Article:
Bangladesh has a health system that is run by public and private sectors. The private sector is run by local entrepreneurs, a variety of NGOs and international organizations. The public sector is largely used for out-patient, in-patient and preventive care, while the private sector is used largely for outpatient and in-patient curative care. Over the last decade, Bangladesh has made significant improvement in health sector, which make it an example for other developing countries even though being a resource poor country [15]. Despite this, health systems in Bangladesh are ineffective in providing care for all the citizens resulting in inequalities in health and health care utilization between different groups. There is also a shortage of over 60,000 doctors and 140,000 nurses [16]. The nurse-physician ratio is also very low—only one nurse per three physicians, while the ratio should other way around, as recommended by WHO. Absenteeism of physicians and lack of drugs, supplies and other facilities are also common in the health complexes. As a result, the publicly funded healthcare system is used by only 25% of the population. Furthermore, Bangladesh has an acute shortage of medical technologists and allied health professionals such as physiotherapists, laboratory assistants, and x-ray technicians, among others. Thus, a majority of the country’s population (up to 80%) seek their first line of care from informal healthcare providers: traditional healers, faith healers and community health workers(16).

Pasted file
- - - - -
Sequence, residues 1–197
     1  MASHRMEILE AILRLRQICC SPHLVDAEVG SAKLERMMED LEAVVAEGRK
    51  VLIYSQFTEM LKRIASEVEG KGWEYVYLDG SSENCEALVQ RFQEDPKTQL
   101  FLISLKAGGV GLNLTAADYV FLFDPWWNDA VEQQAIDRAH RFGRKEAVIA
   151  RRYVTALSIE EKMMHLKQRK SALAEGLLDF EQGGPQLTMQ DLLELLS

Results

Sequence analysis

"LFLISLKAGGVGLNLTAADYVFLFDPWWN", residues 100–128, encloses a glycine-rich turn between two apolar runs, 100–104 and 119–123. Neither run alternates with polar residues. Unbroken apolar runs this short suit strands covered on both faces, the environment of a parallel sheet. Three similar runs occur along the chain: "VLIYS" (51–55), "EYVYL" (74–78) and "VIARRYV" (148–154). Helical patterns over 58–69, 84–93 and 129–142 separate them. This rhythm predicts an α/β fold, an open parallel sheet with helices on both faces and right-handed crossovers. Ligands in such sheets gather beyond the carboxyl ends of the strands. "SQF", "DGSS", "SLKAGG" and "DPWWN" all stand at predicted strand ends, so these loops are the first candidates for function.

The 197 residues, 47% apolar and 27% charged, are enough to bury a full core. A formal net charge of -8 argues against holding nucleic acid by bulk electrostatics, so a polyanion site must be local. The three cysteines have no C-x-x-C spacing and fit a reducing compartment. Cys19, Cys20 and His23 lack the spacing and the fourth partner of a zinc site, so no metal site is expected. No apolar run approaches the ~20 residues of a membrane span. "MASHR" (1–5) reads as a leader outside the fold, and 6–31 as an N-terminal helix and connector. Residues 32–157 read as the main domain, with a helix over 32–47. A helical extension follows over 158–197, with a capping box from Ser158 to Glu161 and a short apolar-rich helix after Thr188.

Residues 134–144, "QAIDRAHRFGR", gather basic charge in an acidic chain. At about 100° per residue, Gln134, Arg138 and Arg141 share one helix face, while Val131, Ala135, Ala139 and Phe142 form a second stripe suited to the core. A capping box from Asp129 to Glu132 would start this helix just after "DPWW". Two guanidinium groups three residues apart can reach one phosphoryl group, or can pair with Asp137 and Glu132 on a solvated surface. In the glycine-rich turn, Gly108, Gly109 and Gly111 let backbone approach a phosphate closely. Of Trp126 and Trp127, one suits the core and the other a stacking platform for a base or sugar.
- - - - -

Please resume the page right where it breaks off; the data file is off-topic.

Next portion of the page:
The study data

From April to September 2010, a de jure census was carried out by the project staff to enumerate regular residents of the area. The census survey was conducted using a paperless system [17]; the data were entered directly into personal digital assistants (PDAs) during interviews. Verbal informed consent was obtained prior to the interviews.

The geographic locations of the households as well as other geographic features of interest including health clinics were also collected during the census survey, and from this we created a geographic information system (GIS) database. A unique ID was assigned to each member of the enumerated households. The respondent was the head of household or an adult member of household who was able to give all information of all household members. Relevant demographic and socioeconomic information, as well as information on diarrhea prevalence in the past 48 hours, were collected during the census survey. Consistent with WHO guidelines [18], diarrhea was defined as 3 or more loose stools in 24 hours.